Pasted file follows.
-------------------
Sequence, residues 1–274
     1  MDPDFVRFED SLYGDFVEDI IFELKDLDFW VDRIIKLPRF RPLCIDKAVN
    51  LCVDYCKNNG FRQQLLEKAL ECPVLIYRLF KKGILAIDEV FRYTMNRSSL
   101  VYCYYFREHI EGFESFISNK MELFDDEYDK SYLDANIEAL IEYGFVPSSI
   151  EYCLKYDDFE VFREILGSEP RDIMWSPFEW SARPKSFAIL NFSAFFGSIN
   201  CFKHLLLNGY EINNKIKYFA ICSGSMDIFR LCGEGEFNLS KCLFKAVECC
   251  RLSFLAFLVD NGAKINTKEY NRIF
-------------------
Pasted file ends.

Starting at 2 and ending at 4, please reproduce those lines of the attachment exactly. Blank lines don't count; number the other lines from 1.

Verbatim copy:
     1  MDPDFVRFED SLYGDFVEDI IFELKDLDFW VDRIIKLPRF RPLCIDKAVN
    51  LCVDYCKNNG FRQQLLEKAL ECPVLIYRLF KKGILAIDEV FRYTMNRSSL
   101  VYCYYFREHI EGFESFISNK MELFDDEYDK SYLDANIEAL IEYGFVPSSI